The sessions will be moderated by science journalist, TV documentary maker and Professor John Kantara. Yolanda Rother, Diversity, Equity, and Inclusion Specialist and Consultant, as well as Conference Coordinator, Community Activist and Speaker who moderated the Framing of Us interactive format at EFM last year; Adriana Chartrand, President, Television Canada and Indigenous Initiatives and Content Analyst, who previously worked for several years at imagineNATIVE, the world’s largest Indigenous film festival in Toronto; and European Film Academy director Matthijs Wouter-Knoll, who was also the main driving force behind ARTEF.

Key points on the agenda include a session led by Charlie Hidalgo and Lucy Mukerji, of the Misrepresentation group, which will address problematic representations of underrepresented groups on screen, with a particular focus on the trans community. The Stereotype Project will highlight its groundbreaking application that boasts a comprehensive database of countless harmful stereotypes that can appear on screen and is able to analyze scripts to determine their use. ARTEF will also present a case study on how to combat harmful indigenous-focused metaphors in films.

Meanwhile, Téléfilm Canada’s Chartrand will moderate a session focusing on the impact of organizations such as the Indigenous Screen Desk and the Black Screen Desk, as well as funding structures within larger organizations such as the Canada Media Fund and Téléfilm Canada.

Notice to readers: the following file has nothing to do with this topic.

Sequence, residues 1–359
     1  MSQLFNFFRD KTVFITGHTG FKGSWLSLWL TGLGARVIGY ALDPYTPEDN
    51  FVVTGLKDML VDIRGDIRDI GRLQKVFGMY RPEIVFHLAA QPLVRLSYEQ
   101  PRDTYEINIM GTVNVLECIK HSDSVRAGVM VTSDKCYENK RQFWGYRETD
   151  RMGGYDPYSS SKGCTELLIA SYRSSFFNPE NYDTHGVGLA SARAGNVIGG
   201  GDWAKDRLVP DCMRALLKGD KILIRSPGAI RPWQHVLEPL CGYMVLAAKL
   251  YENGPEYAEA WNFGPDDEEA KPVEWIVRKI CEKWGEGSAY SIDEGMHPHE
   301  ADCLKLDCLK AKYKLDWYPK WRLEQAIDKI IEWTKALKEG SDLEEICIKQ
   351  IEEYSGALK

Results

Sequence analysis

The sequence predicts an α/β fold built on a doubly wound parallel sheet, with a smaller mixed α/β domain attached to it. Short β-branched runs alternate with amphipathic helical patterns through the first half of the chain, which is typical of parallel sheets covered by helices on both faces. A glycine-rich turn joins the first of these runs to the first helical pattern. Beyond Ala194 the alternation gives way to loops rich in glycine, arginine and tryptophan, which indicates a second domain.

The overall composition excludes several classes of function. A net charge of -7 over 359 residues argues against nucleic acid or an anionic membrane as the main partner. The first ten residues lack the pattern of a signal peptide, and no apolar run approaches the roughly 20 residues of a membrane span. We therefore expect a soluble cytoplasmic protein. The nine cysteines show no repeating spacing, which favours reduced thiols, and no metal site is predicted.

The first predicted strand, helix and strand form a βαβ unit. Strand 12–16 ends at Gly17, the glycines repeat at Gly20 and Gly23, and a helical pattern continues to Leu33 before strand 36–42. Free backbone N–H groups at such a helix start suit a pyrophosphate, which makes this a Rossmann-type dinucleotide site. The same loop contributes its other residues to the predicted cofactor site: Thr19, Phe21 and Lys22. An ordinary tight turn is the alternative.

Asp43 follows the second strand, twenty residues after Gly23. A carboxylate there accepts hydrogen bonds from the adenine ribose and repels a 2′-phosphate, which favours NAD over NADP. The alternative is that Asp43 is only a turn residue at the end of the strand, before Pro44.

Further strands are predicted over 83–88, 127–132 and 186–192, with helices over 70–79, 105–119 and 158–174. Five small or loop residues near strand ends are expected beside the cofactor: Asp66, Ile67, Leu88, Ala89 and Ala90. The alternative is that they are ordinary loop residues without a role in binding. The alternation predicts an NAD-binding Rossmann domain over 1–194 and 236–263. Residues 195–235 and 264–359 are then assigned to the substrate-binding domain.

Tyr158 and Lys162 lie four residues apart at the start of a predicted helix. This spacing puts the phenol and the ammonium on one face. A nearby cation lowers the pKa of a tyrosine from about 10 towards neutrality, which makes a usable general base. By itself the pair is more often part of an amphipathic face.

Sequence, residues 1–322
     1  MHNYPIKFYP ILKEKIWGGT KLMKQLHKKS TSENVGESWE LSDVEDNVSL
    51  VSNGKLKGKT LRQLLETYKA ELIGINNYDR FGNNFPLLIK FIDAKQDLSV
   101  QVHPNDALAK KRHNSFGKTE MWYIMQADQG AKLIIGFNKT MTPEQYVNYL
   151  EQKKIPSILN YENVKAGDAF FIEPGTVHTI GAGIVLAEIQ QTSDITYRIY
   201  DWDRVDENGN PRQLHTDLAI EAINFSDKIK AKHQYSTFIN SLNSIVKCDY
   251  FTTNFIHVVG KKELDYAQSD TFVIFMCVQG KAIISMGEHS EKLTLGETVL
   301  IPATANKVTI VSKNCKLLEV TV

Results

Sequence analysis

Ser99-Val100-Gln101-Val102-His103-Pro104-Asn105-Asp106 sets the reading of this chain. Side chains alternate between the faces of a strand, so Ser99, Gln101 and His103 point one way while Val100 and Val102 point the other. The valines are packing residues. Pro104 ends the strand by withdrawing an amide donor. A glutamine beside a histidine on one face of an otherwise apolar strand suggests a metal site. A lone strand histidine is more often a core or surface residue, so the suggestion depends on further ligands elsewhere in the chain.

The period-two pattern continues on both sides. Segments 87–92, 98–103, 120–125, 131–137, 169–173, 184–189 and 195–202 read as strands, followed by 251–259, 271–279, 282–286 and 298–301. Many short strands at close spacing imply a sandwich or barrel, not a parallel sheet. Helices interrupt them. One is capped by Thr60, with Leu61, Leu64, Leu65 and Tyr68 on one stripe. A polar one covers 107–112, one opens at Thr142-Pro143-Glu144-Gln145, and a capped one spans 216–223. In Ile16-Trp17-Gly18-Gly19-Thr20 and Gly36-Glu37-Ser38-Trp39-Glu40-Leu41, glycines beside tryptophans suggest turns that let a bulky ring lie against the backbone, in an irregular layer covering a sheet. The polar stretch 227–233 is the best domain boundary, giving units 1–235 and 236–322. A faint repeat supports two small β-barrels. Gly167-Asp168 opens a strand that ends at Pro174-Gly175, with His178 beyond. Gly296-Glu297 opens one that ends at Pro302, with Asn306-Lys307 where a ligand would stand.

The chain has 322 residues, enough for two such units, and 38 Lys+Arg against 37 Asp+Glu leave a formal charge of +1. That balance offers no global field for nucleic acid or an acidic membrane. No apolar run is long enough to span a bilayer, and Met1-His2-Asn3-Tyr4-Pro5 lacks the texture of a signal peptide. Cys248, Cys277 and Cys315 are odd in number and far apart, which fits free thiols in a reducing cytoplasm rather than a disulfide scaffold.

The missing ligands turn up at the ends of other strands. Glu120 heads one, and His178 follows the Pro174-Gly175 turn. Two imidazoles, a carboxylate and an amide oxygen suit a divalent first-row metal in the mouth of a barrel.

Finally, the European spotlight will highlight the work of organizations such as ARTEF, the New Dawn Film Fund and France’s Collectif 5050. RomaTrial, which advocates on behalf of Europe’s largest ethnic group, the Roma people, and organizes Ake Dikhea? Roma Film Festival, the theater will also partner with the Sami International Film Institute, whose pioneering work for more than a decade has fueled a new wave of productions by Sami cinematic creators.

The event builds on the European Film Market’s concerted efforts in recent years to bring acting to the forefront of the conversation for film and television professionals. Manu Gudit, EFM’s Head of Strategic Development and Partnerships and Program Head at EFM Industry Sessions, pointed to a series of think tanks hosted within the EFM framework that are designed to “unpack, brainstorm and provide practical solutions to contemporary challenges and issues found in film and television,” from Among them is how to improve diversity, equity and inclusion in the European creative industries.

“I would be in denial if I did not acknowledge the extent to which many European countries still struggle to acknowledge the diverse realities of their society,” said Judit. “I also believe that outside the United States, including here in Europe, there is an abundance of organizations that are doing groundbreaking work to advance the interests of marginalized film professionals.”

“There is a sense of urgency,” Omar added. “Europe has been behind in the talks and its policies for a long time, but the gap is narrowing very quickly.”

(Pictured: Themba with his love, Faisal Omar, Manu Gudit)